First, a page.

“‘What the hell do you know about oil anyway?’ I asked.
‘What’s there to know? It’s in the ground, you get it out the ground, you get paid.’”
That’s the premise for Nasir Husain’s “Fort Mac,” about two brothers who brave the Canadian oil sands of Fort McMurray to strike it rich, and maybe settle some demons from their past – until a wildfire comes sweeping in.
This is the first half of “Fort Mac” – the second half comes out tomorrow. Happy reading.
The fire came on the first of May, just as the last of the snow was melting.
It started as a plume of smoke southwest on the horizon, like a well fire or something like that. Something isolated, containable. We noticed it in the morning but didn’t think much of it, drinking our coffee, eating the powdered eggs and chewy bacon they served at the dining hall. The guys talked the usual shit, about the Stanley Cup playoffs and how much they’d drunk the night before and how hungover they all were now. It was a Sunday, but the days of the week didn’t matter up there. It was a workday.
The plume spread into a cloud and by lunchtime the cloud was black as tar and rolling like a wave. I took off my hardhat and wiped the sweat from my eyes and watched it swell towards me.
“It’s a wildfire,” said Russell, “I’ve seen ’em like that before.”
I nodded. I’d never seen anything like it before, but Russell’s lack of concern was reassuring to me. He was from interior BC. I didn’t doubt he’d seen his share of wildfires.
I glanced around for my brother Tanner, forgetting for a minute that he wasn’t there. It would’ve been impossible to spot him anyway. The hole was almost two-hundred square kilometers after all, and there were four-hundred of us working it, all wearing the same stupid orange vests and yellow hardhats. I put mine back on and Russell put the bulldozer in gear and we kept going like we had been.
Until the siren blew later that afternoon, none of us had any idea what was about to happen, how close we all were to the end.
But that’s how it usually goes, isn’t it?
I remember the beginning.
We were at a bar on Queen St. when he first told me his plan. The place was called Primo, which was some kind of joke or something because it was a real shithole. One of those dive bars with a broken jukebox and sticky floors and dirty jokes in Sharpie all over the bathroom stall. It was the kind of place Tanner loved, cheap and dead, which is why we were there in the first place.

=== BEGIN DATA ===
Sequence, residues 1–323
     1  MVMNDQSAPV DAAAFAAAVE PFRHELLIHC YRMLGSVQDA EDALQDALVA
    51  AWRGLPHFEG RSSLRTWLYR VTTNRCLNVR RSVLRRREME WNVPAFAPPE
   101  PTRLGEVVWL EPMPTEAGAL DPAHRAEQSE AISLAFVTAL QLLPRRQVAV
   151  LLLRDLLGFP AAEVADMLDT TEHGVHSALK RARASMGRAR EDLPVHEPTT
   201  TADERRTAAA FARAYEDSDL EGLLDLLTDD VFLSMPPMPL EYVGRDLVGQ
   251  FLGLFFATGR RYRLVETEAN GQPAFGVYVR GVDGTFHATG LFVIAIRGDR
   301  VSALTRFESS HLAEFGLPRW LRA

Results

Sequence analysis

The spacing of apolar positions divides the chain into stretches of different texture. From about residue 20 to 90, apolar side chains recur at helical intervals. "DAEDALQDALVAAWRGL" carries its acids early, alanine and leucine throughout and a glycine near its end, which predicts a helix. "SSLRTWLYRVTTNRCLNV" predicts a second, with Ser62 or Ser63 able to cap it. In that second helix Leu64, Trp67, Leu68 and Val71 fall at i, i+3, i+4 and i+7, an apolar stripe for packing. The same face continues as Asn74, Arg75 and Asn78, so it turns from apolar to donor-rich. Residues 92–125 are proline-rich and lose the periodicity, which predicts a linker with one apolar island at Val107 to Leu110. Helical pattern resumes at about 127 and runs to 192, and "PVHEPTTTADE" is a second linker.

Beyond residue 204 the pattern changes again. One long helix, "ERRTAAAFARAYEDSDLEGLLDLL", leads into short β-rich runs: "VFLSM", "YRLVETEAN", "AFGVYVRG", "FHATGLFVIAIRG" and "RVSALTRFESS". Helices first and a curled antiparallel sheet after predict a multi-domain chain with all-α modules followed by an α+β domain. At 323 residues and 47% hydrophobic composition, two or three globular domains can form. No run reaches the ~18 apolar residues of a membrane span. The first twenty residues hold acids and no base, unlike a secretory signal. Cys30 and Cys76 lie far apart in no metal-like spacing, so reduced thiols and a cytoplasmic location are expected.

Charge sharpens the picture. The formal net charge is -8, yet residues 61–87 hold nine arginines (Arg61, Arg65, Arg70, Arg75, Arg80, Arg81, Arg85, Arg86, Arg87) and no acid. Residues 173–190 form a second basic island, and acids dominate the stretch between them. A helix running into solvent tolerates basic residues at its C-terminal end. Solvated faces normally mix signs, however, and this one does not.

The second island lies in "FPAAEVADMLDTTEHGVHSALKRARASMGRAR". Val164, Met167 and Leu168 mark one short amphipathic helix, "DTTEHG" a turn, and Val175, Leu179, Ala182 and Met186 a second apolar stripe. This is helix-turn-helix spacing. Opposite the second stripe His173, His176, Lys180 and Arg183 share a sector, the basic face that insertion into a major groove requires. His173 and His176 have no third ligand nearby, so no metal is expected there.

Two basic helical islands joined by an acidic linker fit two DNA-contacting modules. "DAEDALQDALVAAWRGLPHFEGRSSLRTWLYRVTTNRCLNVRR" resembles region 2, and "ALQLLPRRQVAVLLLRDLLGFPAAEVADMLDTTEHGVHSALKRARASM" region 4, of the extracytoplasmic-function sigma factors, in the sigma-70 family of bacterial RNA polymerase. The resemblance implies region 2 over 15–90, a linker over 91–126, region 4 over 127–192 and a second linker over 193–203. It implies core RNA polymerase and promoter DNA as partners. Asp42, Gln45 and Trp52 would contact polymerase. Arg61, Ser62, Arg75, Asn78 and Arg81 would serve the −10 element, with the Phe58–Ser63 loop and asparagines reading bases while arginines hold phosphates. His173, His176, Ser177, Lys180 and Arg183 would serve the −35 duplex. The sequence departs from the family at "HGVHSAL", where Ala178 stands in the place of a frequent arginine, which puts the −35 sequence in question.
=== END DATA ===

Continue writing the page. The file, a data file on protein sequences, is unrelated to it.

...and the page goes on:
“Fort Mac,” he said, like it was the answer to all life’s mysteries.
I had no idea what he was talking about.
“Fort McMurray,” he clarified.
“Four hours north of Edmonton.”
“That’s like the fuckin tundra, man.”
“Well, that’s where it is.”
Tanner had just come back from Australia where he’d spent a year delivering furniture and learning to surf. We’d barely spoken while he was away. He was tan and lean and wore a mustache, which was the only place either of us could grow proper facial hair. I turned the glass in my hands, still warm from the dishwasher, the glass warming the beer, a cardinal sin for any bartender. “What the hell do you know about oil anyway?” I asked.
“What’s there to know? It’s in the ground, you get it out the ground, you get paid.”
“Like a fuckin stockbroker man. Eighty, a hundred K easy. For a grunt. You learn how to operate a drill, something technical like that, two hundred plus.”
“Yes shit,” he smirked. “They’re calling it Fort McMoney.”
I knew there wasn’t any stopping him so I just raised my glass. “Sounds like you’ve got it all figured out. When do you leave?”
“Tomorrow if you want.”
He smiled wide, a golden glimmer in his dark brown eyes.
It only took him two more rounds to convince me. Life in Toronto was nothing special. I was a line cook at a small pub that probably wouldn’t survive the winter. What little I made I spent on rent and beer. Three years asleep at the wheel lucky not to bash into anything.
We went for a smoke and I asked him how long he’d been thinking about this. He shrugged, “Bout a week, I guess.”
A week after that we were in Edmonton.
Tanner was the younger brother but also always the richer one. He had a nose for a buck, dating back to elementary school when he bought a giant box of Pop Tarts from Costco and sold them by the pack at lunch hour. In high school he applied the same principle to cigarettes, buying cartons on the Chippewa reservation and selling them by the pack at house parties.
One summer he convinced me to go treeplanting up near Temagami. He was seventeen, me nineteen, and we spent three months digging holes and planting saplings for twelve cents a tree. Once you got fast at it you could make a couple hundred bucks a day, which was pretty damn good so long as you didn’t mind sweat, sunburn, and horseflies the size of toonies.